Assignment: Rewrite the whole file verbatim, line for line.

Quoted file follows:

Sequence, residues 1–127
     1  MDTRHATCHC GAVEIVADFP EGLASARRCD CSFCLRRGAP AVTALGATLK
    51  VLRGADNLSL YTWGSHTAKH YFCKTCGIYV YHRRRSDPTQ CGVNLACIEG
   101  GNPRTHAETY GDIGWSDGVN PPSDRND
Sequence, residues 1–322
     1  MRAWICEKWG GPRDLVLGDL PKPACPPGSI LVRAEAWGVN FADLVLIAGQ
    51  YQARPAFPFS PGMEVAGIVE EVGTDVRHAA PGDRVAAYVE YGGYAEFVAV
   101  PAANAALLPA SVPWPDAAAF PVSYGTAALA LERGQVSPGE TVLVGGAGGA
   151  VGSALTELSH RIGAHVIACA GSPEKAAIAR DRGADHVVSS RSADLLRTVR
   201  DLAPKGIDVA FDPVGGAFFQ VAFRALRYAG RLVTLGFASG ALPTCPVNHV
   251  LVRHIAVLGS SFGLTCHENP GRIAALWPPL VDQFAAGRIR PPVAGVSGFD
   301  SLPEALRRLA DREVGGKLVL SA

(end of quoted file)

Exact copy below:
Sequence, residues 1–127
     1  MDTRHATCHC GAVEIVADFP EGLASARRCD CSFCLRRGAP AVTALGATLK
    51  VLRGADNLSL YTWGSHTAKH YFCKTCGIYV YHRRRSDPTQ CGVNLACIEG
   101  GNPRTHAETY GDIGWSDGVN PPSDRND
Sequence, residues 1–322
     1  MRAWICEKWG GPRDLVLGDL PKPACPPGSI LVRAEAWGVN FADLVLIAGQ
    51  YQARPAFPFS PGMEVAGIVE EVGTDVRHAA PGDRVAAYVE YGGYAEFVAV
   101  PAANAALLPA SVPWPDAAAF PVSYGTAALA LERGQVSPGE TVLVGGAGGA
   151  VGSALTELSH RIGAHVIACA GSPEKAAIAR DRGADHVVSS RSADLLRTVR
   201  DLAPKGIDVA FDPVGGAFFQ VAFRALRYAG RLVTLGFASG ALPTCPVNHV
   251  LVRHIAVLGS SFGLTCHENP GRIAALWPPL VDQFAAGRIR PPVAGVSGFD
   301  SLPEALRRLA DREVGGKLVL SA